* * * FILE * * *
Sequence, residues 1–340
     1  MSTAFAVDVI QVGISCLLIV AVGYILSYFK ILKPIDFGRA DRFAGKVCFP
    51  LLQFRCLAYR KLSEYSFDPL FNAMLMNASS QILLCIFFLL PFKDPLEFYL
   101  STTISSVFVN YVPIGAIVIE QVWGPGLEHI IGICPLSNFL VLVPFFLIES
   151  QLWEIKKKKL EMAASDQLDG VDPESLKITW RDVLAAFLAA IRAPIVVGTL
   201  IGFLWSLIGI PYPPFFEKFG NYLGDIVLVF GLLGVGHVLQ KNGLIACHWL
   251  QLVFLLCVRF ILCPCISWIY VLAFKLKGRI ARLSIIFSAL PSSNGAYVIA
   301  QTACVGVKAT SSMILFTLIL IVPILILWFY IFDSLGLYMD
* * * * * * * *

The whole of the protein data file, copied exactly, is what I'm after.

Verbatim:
Sequence, residues 1–340
     1  MSTAFAVDVI QVGISCLLIV AVGYILSYFK ILKPIDFGRA DRFAGKVCFP
    51  LLQFRCLAYR KLSEYSFDPL FNAMLMNASS QILLCIFFLL PFKDPLEFYL
   101  STTISSVFVN YVPIGAIVIE QVWGPGLEHI IGICPLSNFL VLVPFFLIES
   151  QLWEIKKKKL EMAASDQLDG VDPESLKITW RDVLAAFLAA IRAPIVVGTL
   201  IGFLWSLIGI PYPPFFEKFG NYLGDIVLVF GLLGVGHVLQ KNGLIACHWL
   251  QLVFLLCVRF ILCPCISWIY VLAFKLKGRI ARLSIIFSAL PSSNGAYVIA
   301  QTACVGVKAT SSMILFTLIL IVPILILWFY IFDSLGLYMD